You want to eat healthier and lose some weight? As with many things in life, in order to achieve your goal, you need to plan and set yourself up for success. One of the most important, and often overlooked, steps in this process is to organize your kitchen!
By organizing your kitchen, you will create a welcoming environment where you will be more likely to want to prepare healthy foods and eat at home. Here are some tips for setting up your kitchen to encourage healthy eating.
Clear the counters, cabinets, and the refrigerator
It is hard to choose and/or prepare healthy menu items when we cannot even access the ingredients or the tools in order to do so. So, start first by clearing your counter tops, making sure to remove any non-kitchen items, like paperwork. Next, empty out your pantry, cabinets and drawers. You may be surprised to see how many unnecessary things you have stored away. For example, I found that I actually owned several duplicate utensils, 3 bottles of garlic powder and many ingredients that had long expired! Once you have purged the cabinets, then you can attack the refrigerator. Again, make sure to take out everything so that you can start with a clean slate.
Make room for healthy foods
Once you have removed everything and gotten rid of the unnecessary items, you can now restock in an organized, healthy way! You can start this by either tossing any less-healthy food items OR putting them away in places that are both harder to see and to reach. You want to use the most visible spaces in your refrigerator and cabinets for the healthier foods. For example, instead of shoving fresh produce in the bottom drawer where it gets forgotten, move it to the center shelf.
Revamp your containers
Invest in some nice-looking, sturdy clear food containers. It is best to go with either glass OR safer plastics—#1PET, #2HDPE, #4LDPE, and #5PP. Storing food in clear containers makes it easy to see the contents inside without removing lids. The visibility makes it easier to manage the stored food. For example, you can check up and use leftovers before they go bad rather than finding an opaque container with "mystery meat" inside.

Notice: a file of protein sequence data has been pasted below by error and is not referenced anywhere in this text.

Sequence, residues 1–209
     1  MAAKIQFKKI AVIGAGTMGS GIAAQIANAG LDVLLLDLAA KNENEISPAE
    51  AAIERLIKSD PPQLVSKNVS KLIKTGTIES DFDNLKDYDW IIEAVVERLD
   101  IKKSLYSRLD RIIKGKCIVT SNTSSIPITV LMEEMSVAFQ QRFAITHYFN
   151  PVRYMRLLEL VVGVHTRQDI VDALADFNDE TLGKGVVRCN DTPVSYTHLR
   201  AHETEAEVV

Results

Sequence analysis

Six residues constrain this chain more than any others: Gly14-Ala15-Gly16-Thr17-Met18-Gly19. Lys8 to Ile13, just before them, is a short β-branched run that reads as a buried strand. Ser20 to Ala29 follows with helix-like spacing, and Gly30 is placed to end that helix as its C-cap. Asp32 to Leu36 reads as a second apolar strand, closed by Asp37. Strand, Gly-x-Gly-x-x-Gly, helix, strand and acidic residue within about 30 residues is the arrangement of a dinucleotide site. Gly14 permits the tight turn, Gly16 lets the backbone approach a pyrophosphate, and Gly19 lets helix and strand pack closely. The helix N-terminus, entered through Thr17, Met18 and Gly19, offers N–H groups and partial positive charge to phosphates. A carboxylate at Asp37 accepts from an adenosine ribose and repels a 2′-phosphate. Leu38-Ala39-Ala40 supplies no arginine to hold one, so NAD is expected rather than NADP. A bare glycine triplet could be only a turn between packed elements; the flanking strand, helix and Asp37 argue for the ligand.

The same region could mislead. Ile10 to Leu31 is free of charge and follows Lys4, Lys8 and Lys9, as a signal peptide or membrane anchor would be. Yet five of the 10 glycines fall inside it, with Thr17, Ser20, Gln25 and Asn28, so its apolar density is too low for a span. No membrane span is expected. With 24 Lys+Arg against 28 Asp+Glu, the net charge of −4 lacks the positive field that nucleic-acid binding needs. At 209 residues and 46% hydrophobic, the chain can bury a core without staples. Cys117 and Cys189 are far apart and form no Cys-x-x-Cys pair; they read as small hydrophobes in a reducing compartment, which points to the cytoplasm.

Organize your tools
Once you have sorted through your pots, pans and utensils and gotten rid of the things you are not using, it is time to store them in a functional way. When cooking healthy meals, you will need to have your cookware and utensils handy. You may consider adding a wall-mounted bar where you can hang utensils OR a magnetic bar to hang your knives. You will likely want to keep your most-used pots and pans very close to your stove. According to Cooking Light Magazine, some of the essentials for a healthy kitchen include:
- Chef's knife
- Cutting boards
- Kitchen shears
- Measuring cups- both a set of dry and liquid
- Measuring spoons
- Paring knife or peeler
I would add to that list a non-stick pan, baking dish, sauce pan, sheet pan, slow-cooker, mixing bowls (at least 1 small and 1 large), metal spatula, salad spinner and wooden spoons.
Do a little "strategic prepping"
When you get home from the grocery store, take a few minutes to peel and chop your produce and place it into those clear containers. Why? This will simplify recipe preparation later when you likely have less time. Also, when are in search of a quick snack, the prepared produce can fit the bill instead of having to resort to chips, cookies or crackers.
Less chaos = more calm
Now that you have organized your space and filled it with some healthier food choices, food preparation and consumption can be a more "zen-like" experience. To take this a step further, consider playing some calming music in the background. When you eat your meal, this more relaxed environment can slow your consumption and increase your satisfaction.
Some information from retrieved from: http://appforhealth.com/2016/01/how-to-organize-your-kitchen
Check out the side-dish recipe below, page 3. Note the use of some of the recommended tools: peeler, chef's knife, measuring spoons and a sheet pan. Enjoy this tasty and healthy recipe.
This article was written by Kara Meeks, MS, RDN, CDE. She is a Registered Dietitian and Certified Diabetes Educator in the Augusta Health Diabetes and Nutrition Education Department. If you have any questions related to this article, please contact Dana Breeding, RN Health Educator in Community Outreach of Augusta Health at 332-4988 or 932-4988.